Horses are gentle and loving. They keep an eye out to protect their friends and communicate a lot of their feelings with their bodies and faces (like showing when they’re happy, sad, or upset). Just because horses are gentle doesn’t mean we should use them for entertainment or take advantage of them in any other way. Keep reading to find out all the ways these animals are being used and how you can help them.
Ponies are tied up tightly and forced to walk around and around in endless circles with humans on their backs. They can sustain injuries to their hooves, and the saddles and halters that they have to wear all day long can cause sores. Since these rides are common at summer fairs, ponies are often forced to spend many hours working in the scorching heat. Sometimes, they’re not given any water so they won’t relieve themselves while someone is on their back. Plus, it’s often cheaper to replace worn-out or sick animals than to provide them with veterinary care, so operators may work ponies until they drop. ? Life in a cramped trailer, being hauled from place to place, and walking in constant circles is no life at all. ? The best way to help these animals is to stay away from pony rides and to ask your family and friends to do the same. And if your school, community center, or church wants to offer pony rides, explain to them why they shouldn’t!
Jo-Anne McArthur | We Animals
We wouldn’t want someone to jump on our backs and demand a ride, and horses don’t want that, either—so we should treat them the way we want to be treated and stay off them. Ride a skateboard or a bike—not someone who lives, breathes, and feels. If you know someone with a horse companion who’s kept all alone in a stable or field all day, ask if you can visit and provide some much-needed attention. Horses—like dogs, orcas, and all other animals—don’t want to be stuck in a cramped space without any friends or family members. They’re very social animals, and they really appreciate attention and tasty treats!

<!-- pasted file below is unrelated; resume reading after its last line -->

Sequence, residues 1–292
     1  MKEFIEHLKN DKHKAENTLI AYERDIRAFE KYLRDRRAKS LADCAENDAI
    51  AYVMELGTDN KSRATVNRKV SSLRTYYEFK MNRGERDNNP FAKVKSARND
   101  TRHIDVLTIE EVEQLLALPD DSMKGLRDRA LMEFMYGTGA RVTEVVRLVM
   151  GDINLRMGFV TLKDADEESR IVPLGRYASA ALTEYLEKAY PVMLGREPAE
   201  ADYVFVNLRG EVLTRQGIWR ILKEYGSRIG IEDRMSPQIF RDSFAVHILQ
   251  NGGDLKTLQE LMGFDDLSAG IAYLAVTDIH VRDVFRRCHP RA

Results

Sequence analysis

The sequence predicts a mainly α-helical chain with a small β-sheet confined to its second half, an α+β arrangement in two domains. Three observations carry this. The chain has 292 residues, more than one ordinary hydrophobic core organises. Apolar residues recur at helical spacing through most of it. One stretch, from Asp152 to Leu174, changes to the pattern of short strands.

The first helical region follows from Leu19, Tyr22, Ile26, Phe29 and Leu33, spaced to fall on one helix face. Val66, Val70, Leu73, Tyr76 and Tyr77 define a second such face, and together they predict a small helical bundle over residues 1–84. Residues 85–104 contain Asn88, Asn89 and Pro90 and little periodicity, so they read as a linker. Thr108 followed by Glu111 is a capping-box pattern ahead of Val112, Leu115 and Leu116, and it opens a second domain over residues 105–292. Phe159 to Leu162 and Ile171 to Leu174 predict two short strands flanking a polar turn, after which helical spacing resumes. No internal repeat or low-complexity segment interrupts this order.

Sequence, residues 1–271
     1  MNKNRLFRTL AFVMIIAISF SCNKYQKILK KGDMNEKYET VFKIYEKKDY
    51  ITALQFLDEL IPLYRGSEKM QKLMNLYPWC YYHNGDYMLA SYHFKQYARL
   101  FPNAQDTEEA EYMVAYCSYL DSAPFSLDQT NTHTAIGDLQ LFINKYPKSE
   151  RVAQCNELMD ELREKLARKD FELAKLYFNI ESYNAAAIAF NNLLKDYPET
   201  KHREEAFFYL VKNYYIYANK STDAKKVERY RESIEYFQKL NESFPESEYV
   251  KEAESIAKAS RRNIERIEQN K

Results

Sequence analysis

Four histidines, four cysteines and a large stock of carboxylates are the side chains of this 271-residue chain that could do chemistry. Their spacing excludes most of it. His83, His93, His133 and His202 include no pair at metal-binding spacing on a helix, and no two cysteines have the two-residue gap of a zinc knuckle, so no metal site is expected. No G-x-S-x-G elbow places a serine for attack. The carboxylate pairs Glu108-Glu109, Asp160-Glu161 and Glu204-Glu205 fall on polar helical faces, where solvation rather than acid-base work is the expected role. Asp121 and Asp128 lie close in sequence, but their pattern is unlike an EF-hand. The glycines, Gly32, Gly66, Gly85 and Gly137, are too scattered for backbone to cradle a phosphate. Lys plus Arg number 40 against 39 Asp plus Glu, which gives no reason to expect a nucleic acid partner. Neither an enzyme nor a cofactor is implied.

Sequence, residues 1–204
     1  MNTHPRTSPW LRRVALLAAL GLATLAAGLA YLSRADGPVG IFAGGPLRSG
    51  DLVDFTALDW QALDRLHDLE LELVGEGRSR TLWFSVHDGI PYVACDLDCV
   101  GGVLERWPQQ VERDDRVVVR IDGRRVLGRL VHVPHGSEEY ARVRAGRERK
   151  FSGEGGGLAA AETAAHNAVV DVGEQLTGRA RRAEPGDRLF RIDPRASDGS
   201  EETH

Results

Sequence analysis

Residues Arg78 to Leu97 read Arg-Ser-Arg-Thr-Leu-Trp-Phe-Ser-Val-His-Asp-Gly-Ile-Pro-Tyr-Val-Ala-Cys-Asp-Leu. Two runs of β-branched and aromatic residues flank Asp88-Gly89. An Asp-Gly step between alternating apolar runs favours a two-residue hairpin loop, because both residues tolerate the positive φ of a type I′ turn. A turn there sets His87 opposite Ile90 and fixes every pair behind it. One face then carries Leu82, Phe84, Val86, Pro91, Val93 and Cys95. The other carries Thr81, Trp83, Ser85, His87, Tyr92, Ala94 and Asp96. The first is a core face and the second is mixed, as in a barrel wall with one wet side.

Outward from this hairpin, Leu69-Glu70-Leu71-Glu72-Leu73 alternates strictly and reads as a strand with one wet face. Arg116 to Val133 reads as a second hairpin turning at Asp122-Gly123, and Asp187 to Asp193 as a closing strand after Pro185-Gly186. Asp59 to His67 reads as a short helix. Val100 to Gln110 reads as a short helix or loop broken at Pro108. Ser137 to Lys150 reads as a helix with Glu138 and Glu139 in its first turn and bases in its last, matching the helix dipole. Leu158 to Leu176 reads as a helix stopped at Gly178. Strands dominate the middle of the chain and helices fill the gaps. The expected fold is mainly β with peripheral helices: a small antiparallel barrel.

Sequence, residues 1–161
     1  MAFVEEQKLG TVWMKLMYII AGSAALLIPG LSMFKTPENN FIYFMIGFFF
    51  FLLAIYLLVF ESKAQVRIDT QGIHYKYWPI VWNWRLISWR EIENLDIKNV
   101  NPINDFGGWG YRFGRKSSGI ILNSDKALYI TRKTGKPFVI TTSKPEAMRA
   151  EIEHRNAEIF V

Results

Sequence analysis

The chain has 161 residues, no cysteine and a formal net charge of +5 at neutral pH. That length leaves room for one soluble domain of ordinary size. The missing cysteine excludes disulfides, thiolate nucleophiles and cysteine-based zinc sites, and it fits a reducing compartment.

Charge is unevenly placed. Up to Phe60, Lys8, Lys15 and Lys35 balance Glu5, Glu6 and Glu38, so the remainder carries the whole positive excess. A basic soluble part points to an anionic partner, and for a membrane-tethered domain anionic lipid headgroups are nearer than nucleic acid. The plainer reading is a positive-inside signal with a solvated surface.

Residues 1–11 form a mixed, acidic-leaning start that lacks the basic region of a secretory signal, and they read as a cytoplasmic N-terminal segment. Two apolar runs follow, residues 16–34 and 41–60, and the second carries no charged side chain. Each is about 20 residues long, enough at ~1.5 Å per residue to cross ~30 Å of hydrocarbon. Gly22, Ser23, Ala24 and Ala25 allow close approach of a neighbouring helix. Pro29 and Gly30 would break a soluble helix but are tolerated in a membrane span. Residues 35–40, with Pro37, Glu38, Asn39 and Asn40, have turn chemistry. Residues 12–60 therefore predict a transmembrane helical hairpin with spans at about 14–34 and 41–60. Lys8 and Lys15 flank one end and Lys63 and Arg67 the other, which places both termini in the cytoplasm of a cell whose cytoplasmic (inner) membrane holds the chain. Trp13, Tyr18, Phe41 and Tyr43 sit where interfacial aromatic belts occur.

Horses are sensitive animals. Other animals and humans have been seriously injured—and even killed—when horses have become spooked (scared) when pulling a carriage. And countless times, carriages have been hit by impatient or careless drivers. Accidents have occurred in nearly every city where carriage rides are allowed. Besides the danger of horse-drawn carriages, making horses pull such large loads is cruel. They’re forced to walk on the pavement all day long and work in busy traffic and all types of weather, including extreme heat and cold. They can start to have problems with their lungs from breathing in car exhaust fumes, and they can suffer from leg problems from walking on hard surfaces. Never, ever let someone pay for you to ride in a horse-drawn carriage, and ask your family and friends not to ride in one, either.
©️ Donny Moss
Horses weigh about 1,000 pounds, and their ankles are about the same size as most humans’ ankles—really small for such a heavy body! In horse racing, they’re forced to run around a dirt track at speeds over 30 miles an hour (a lot faster than we can run) while carrying a human on their back, which is a lot of weight and stress for their small ankles to support. On top of all that, the riders whip them to try to make them run even faster. And one study concluded that three horses die every day in North America because of injuries they receive during races. ? If horses stop winning or get injured, they don’t usually get to retire to a comfortable animal sanctuary. Owners don’t want to pay for horses who don’t bring in any money, so many end up being sent to slaughterhouses in Canada, Japan, Mexico, or South Korea and killed for food. ? Help end this cruelty—never go to a horse race, and ask your family and friends not to support horse racing, either.
Remember: It’s never right to bully or take advantage of animals. Like us, horses enjoy exploring, eating, and hanging with their favorite friends, and they don’t want to be hurt! So always stick up for them, and don’t support anything that would cause them harm.